Author Archives: Joe Hilbert

  1. Shore Physicians Group Welcomes Primary Care Physician Dr. Maria Cerna to its Northfield Practice

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    Shore Physicians Group announced today that internal medicine physician Maria Jose Jimenez Cerna, MD, will be joining its Northfield Primary Care practice located at 2605 Shore Road. Dr. Cerna is Board Certified in Internal Medicine and fluent in Spanish and Eng-lish, and treats patients age 19 and up. She will begin seeing patients on Tuesday, May 31.

    Dr. Cerna hails most recently from Cooperstown, NY, where she served as an attending physi-cian in primary care and hospital medicine at Mary Imogene Bassett Medical Center since 2017. She received her Medical Degree from Universidad Autonoma de Honduras. She completed her internal medicine residency with Lincoln Medical and Mental Health Center in Bronx, NY, affiliated with Weil Cornell Medical Center College.

    In addition to caring for patients during her tenure at Mary Imogene Bassett Medical Center, Dr. Cerna also supervised and taught internal medicine residents and medical students. Before com-ing to the United States, Dr. Cerna served as a primary care physician in Honduras. She has partici-pated in numerous community service programs both in Honduras and the United States, including a project in the Bronx to help reduce the obesity rate in children.

    At the SPG Northfield office, Dr. Cerna will join Shore Physicians Group primary care providers Seblewongel Bulcha, MD; Cindy L. Nunan, DNP, FNP-BC; Ulices Perez, MD; and Marlene V. Rodriguez, MD. To schedule an appointment with Dr. Cerna, call 609-365-5300.

  2. Spring can be a Real Pain in the Neck, Back, and Knees

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    For so many of us, we spent the winter months sitting more and exercising less than is recommended. The American Heart Association says only one in five is getting the heart-pumping exercise our bodies need for optimal health each week. But seasons change, and those early beautiful spring days beckon us to be outdoors. Whether we are weekend warriors on the tennis court, the soccer field, or in the garden, early spring sore muscles and achy backs can be the result. Jumping into activities without ramping up, stretching, and conditioning can be a real pain.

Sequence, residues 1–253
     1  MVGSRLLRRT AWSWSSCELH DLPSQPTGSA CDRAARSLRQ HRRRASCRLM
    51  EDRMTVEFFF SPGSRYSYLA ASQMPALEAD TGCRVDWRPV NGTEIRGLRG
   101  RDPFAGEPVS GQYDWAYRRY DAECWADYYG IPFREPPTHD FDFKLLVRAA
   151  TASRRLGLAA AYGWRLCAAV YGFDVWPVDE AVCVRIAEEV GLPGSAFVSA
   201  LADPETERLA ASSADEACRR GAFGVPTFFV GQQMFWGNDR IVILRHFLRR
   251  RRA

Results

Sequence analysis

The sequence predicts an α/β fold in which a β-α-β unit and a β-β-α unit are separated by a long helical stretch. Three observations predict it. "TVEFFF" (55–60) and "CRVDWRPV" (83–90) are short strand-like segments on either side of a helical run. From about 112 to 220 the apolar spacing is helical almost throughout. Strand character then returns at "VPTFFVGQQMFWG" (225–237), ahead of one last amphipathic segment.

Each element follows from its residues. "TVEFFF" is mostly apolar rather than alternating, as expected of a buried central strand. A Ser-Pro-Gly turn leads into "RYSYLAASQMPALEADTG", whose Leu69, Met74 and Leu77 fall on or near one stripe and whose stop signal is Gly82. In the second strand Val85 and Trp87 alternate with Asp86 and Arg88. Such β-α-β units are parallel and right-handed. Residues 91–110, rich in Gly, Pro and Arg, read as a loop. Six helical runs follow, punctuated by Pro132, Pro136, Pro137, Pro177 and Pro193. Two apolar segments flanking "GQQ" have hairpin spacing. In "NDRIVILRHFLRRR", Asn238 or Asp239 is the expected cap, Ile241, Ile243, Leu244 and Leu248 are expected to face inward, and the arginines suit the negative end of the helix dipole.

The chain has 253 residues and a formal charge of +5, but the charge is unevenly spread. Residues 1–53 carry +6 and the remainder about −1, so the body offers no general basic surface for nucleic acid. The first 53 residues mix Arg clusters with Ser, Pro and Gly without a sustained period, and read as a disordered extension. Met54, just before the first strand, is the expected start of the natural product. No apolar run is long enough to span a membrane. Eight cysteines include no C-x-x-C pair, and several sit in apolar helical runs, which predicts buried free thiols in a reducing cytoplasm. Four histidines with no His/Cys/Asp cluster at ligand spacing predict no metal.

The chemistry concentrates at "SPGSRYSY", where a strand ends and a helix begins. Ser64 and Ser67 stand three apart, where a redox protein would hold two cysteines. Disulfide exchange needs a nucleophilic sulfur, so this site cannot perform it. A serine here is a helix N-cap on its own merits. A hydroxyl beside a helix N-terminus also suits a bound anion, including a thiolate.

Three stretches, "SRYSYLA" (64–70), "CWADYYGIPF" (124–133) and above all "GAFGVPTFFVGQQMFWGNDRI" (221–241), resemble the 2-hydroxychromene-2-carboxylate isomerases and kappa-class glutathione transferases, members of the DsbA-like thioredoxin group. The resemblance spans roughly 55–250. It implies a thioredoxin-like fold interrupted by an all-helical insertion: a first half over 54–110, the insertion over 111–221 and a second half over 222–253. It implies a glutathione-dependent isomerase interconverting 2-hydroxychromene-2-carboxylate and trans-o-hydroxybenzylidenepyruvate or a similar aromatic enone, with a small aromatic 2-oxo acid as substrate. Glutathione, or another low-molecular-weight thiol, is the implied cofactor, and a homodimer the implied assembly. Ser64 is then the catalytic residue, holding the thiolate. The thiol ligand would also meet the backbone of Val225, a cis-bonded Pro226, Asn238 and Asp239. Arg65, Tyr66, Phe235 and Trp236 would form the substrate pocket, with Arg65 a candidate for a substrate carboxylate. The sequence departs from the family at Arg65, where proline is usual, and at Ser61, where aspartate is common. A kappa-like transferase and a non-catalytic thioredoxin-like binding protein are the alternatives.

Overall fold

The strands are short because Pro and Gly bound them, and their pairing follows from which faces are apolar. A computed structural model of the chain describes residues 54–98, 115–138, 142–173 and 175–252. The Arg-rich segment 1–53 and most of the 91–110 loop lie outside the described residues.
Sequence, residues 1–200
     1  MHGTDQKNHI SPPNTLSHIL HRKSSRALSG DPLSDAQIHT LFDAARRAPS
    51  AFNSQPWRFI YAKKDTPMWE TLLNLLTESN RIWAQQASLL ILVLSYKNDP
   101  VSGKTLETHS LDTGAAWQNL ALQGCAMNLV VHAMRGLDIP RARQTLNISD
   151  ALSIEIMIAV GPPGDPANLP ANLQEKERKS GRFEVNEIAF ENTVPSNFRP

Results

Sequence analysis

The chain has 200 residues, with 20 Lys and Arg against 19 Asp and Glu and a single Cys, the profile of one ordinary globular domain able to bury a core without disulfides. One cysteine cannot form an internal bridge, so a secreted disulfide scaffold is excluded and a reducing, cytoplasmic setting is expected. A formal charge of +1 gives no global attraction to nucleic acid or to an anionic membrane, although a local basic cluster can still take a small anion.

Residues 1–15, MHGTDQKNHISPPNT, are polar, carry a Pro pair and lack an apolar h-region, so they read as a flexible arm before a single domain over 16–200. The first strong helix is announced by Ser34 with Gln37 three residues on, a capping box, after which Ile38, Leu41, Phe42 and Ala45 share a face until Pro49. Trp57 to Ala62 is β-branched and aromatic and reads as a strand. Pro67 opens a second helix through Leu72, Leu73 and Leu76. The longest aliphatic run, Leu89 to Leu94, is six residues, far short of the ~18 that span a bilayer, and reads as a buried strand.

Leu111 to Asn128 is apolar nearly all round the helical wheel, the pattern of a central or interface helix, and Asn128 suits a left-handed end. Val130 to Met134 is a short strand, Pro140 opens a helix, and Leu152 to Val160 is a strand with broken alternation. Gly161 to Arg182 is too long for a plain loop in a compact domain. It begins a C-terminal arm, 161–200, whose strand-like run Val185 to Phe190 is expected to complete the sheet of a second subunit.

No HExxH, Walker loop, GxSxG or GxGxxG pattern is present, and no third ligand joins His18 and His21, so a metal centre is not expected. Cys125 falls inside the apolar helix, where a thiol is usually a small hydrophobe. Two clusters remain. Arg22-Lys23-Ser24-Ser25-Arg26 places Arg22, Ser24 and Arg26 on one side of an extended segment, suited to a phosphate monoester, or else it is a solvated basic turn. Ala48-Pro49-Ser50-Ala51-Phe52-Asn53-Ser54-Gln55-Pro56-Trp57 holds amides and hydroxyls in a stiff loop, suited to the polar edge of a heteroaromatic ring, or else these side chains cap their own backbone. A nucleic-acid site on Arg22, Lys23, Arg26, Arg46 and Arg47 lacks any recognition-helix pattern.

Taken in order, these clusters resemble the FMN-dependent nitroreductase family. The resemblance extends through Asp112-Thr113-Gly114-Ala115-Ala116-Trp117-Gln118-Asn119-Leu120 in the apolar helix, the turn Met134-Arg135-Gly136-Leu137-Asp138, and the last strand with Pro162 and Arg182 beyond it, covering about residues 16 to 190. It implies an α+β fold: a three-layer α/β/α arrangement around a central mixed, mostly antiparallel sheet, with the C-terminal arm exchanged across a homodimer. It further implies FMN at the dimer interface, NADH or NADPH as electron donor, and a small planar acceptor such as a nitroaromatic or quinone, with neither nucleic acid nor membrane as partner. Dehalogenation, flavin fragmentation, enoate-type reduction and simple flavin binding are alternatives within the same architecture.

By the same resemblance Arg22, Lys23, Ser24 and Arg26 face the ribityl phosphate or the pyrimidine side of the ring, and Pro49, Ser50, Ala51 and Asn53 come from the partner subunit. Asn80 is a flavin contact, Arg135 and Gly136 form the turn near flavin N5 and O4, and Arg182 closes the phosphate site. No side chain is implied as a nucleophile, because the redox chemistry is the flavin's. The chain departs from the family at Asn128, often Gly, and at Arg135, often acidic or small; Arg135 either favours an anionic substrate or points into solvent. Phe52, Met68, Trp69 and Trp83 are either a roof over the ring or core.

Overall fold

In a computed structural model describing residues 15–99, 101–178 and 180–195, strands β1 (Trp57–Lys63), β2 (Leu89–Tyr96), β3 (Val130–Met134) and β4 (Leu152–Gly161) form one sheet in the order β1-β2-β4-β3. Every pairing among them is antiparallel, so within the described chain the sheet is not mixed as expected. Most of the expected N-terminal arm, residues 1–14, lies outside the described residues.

Stretch it out
    Primary Care and Sports Medicine physician Dr. Steven Cetel of Shore Physician Group in Somers Point said everyone needs to make sure they are prepared when they head out in the spring for sports or heavy chores. “In the spring, we see an uptick in sprains, strains, knee injuries, shoulder injuries, and concussions with people involved in sports. We will see more knee and back pain with people working in their garden,” said Dr. Cetel. “Stretching is so important, both before and after an activity, to cut down on injuries. I remind patients to start with bending whatever the joint is they might be pushing. They also need a strong core. A weak core leaves you susceptible to back pain and knee pain.”

    Getting to the core
    For athletes, whether on the varsity squad or with the over 40 men’s baseball league, injuries are a part of the game. “To avoid injuries, it is important to have strong mechanics and a strong core. There is a reason for spring training, to get athletes ready for their sport and to ramp up to whatever activity they plan,” said Dr. Cetel. “For those who may be older, start low and slow. You cannot go from sitting on the couch to playing tennis or pulling weeds in the garden for four hours. That is how people wind up with problems.”

    Core exercises train the muscles in your pelvis, lower back, hips and abdomen to work in harmony. This leads to better balance and stability, whether on the playing field or in daily activities. In fact, most sports and other physical activities depend on stable core muscles.

    “For my older patients planning to do work in their garden, I remind them to work up to it by bending over for a few minutes and remaining active,” said Dr. Cetel. “To avoid injury, sometimes people need a reminder to bend from the hips and not from their back. Once again, a strong core helps keep pain at bay.”

    Kneeling is another cause of discomfort and injury. Dr. Cetel explained that knee pain is often due to arthritis. He reminds patients that kneeling for an extended period will result in pain. Kneel for shorter periods and use some type of knee pad or protection to cut down on knee pain or injury.